3 Conditions of a Good Argument: Not a good argument if:
Premises must be:
Relevant to the conclusion. Relevance Irrelevant Reason
Sufficient to establish the conclusion. Sufficiency Hasty Conclusion
Acceptable or true Acceptability Problematic Premise
The Relevance Principle - One who presents an argument for or against a position should attempt to set forth only
reasons that are directly related to the merit of the position at issue.
Relevant Premises - Its acceptance provides some reason to believe. Counts in favor of, or makes a difference to
the truth or falsity of the conclusion.
Irrelevant Premises - Its acceptance has no bearing on, provides no evidence for, or makes no difference to the
truth or falsity of the conclusion.
Irrelevant Reason - A member of parliament once charged that in the house of commons that the federal
Department of Health and Welfare has been co-operating with the Kellogg Company in permitting the sale of a
cereal which, she alleged, contained “little or no nutritional value.” Marc Lalonde, who was then Minster of
Health, seeking to rebut the charge, stated:
“As for the nutritional value of corn flakes, the milk you have with your corn flakes has great nutritional value.”
1. The milk that one has with Kellogg’s Corn Flakes has great nutritional value.
1.a. Kellogg’s Corn Flakes has significant nutritional value
The Sufficiency Principle - One who presents an argument for or against a position should attempt to provide
reasons that are sufficient in number, kind, and weight to support the acceptance of the conclusion.
Hasty Conclusion – “After hearing those advertisements from Participaction for the last couple of years, I thought
that when I joined a large recreation centre in North York, the place would be packed! Hah! How come out of all
the people who could visit, there were only eight people there the other night? Seems to me that most Canadians
are just too lazy for their own good.” - C: Canadians are lazy, sample is unreliable
The Acceptability Principle - One who presents an argument for or against a position should attempt to use
reasons that are mutually acceptable to the participants and that meet standard criteria of acceptability.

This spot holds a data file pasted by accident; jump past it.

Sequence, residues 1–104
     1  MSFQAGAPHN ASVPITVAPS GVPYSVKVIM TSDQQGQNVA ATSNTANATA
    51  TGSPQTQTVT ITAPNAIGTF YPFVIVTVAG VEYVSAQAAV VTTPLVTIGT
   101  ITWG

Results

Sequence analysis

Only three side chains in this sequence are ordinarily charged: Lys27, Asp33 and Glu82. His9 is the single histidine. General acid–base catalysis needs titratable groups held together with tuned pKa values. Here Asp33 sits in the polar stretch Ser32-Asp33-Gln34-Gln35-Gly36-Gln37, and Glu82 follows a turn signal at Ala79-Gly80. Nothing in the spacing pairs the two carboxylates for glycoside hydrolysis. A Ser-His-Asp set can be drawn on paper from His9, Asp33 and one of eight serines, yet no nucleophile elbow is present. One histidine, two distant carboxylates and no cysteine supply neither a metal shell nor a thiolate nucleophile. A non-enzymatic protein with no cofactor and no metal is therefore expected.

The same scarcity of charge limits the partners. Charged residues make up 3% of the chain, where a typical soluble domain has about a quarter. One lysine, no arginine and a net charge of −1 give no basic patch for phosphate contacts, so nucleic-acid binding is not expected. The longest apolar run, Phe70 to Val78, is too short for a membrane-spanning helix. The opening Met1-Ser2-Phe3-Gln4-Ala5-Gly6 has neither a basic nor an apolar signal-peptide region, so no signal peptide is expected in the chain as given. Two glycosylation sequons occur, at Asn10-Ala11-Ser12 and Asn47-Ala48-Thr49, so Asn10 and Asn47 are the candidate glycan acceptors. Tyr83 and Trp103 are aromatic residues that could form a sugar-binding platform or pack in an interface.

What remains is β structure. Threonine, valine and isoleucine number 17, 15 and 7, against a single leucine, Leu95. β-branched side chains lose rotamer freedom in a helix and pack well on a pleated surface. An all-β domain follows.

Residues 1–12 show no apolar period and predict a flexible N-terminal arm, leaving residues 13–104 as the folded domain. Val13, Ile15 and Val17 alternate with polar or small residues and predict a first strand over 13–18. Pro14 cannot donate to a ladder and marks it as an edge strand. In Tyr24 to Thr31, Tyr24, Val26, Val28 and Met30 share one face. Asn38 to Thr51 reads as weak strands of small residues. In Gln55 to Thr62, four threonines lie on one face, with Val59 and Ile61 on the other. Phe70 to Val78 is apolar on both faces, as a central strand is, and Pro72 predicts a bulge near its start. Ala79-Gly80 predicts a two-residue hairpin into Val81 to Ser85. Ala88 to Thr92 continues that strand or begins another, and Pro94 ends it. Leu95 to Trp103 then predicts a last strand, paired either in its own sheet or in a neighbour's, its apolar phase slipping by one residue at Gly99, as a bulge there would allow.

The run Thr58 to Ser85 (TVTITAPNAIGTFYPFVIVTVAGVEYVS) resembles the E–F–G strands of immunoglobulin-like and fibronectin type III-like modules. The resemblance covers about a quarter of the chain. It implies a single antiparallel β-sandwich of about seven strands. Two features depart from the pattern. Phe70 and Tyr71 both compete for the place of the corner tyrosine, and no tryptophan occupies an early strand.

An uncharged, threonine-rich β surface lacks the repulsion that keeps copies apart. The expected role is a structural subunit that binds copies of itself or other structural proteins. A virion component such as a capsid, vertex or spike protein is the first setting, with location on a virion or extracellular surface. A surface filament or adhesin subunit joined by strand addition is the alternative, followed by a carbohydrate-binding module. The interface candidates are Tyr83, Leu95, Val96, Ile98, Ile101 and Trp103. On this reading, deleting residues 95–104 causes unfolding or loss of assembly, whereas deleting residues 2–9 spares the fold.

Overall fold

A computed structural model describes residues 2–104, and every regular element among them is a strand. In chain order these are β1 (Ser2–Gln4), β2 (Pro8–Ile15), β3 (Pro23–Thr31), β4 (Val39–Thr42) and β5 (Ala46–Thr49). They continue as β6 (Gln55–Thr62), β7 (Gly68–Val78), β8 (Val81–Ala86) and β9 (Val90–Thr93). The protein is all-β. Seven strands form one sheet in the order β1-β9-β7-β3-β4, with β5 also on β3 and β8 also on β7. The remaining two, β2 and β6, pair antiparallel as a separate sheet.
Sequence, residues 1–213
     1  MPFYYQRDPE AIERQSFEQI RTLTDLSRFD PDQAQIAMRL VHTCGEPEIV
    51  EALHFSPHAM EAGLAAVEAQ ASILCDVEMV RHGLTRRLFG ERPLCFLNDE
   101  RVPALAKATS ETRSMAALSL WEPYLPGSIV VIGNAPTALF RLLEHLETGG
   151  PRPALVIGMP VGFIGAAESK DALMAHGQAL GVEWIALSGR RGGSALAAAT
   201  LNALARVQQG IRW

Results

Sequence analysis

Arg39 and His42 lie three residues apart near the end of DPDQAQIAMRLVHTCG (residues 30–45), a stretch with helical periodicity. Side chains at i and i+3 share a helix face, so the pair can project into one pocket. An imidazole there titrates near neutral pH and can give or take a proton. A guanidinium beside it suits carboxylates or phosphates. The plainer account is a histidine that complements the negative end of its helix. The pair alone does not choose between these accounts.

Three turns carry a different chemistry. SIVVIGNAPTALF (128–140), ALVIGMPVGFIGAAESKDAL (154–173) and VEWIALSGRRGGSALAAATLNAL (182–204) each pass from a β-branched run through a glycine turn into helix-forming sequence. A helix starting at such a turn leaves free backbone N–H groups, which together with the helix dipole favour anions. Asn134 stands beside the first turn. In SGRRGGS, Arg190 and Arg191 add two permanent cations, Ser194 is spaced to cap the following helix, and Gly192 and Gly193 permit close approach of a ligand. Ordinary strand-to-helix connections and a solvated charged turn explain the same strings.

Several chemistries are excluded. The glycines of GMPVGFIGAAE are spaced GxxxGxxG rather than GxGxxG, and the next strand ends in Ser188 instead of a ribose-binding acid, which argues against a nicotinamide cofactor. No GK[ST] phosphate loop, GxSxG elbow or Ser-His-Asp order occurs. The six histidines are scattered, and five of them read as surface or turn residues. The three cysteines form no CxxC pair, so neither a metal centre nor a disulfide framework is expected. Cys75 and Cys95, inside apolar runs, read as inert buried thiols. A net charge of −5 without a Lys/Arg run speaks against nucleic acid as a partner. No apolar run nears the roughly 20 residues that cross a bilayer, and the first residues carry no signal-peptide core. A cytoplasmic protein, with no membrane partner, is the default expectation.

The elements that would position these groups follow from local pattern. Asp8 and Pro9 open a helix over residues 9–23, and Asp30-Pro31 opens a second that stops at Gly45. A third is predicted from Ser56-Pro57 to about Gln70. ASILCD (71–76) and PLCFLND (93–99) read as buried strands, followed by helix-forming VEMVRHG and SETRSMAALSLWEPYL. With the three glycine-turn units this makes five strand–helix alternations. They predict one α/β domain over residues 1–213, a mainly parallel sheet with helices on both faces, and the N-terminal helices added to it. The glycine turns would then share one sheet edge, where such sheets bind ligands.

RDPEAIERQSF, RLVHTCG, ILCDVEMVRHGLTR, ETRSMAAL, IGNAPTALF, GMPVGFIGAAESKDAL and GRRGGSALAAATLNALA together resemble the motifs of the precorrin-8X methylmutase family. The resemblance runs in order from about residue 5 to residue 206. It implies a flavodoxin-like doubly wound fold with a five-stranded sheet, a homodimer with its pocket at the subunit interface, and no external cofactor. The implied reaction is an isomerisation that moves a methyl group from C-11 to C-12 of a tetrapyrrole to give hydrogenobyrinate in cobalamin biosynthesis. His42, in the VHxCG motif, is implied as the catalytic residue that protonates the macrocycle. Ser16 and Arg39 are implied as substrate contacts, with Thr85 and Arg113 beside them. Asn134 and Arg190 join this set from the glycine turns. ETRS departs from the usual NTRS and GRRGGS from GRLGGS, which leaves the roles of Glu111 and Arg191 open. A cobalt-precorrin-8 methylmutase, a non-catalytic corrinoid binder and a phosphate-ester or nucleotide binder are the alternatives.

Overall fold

Unacceptable Premises - False, Doubtful, Unclear
1. Empirical Claims - Acceptability established by our experience, Our observation of the world around us
Personal sensory observations “The text that I am reading is printed on white paper”
General Knowledge based on the observations of others “Caesar crossed the Rubicon in 47 B.C.”
Generalizations based upon many observations “All swans are white.”
Theoretical knowledge of empirical and factual testimony of experts “Scientists believe that AIDS is not one
single virus, but several kinds of virus.”
2. Conceptual Claim“all bachelors are unmarried men”
About the meaning of terms and expressions, Example: Advertising is the same as propaganda
3. Normative Claims “Mona Lisa is beautiful”
Based on some criterion or standard (Aesthetic , Practical, Moral or ethical)
4. Metaphysical Claims “God is wise”
Serve as fundamental organizing principles for a belief system
About the existence and properties of entities not accessible to human observation
Examples: The world was created by a wise and kind god & Every person has in his heart the capacity to be
***Analysis example:***Appeal to Pity: I need an “A” to get into law school; I know that I didn’t show p for class
and turned in only some of my assignments, but if I don’t get into law school, my parents will be heartbroken, and
my father, who has a serious heart condition, will be terribly crushed.”
- this example has a major premise an appeal that should have pity on someone and take action based on feelings
rather than solid reasons.
Analysis: The appeal is to consider consequences of the student’s family and fact that the professor would not
want these on his/her conscience. However, if grades are based on performance, then this is an irrelevant appeal to an individual’s personal circumstances. More specifically, it is an appeal to the professor to ha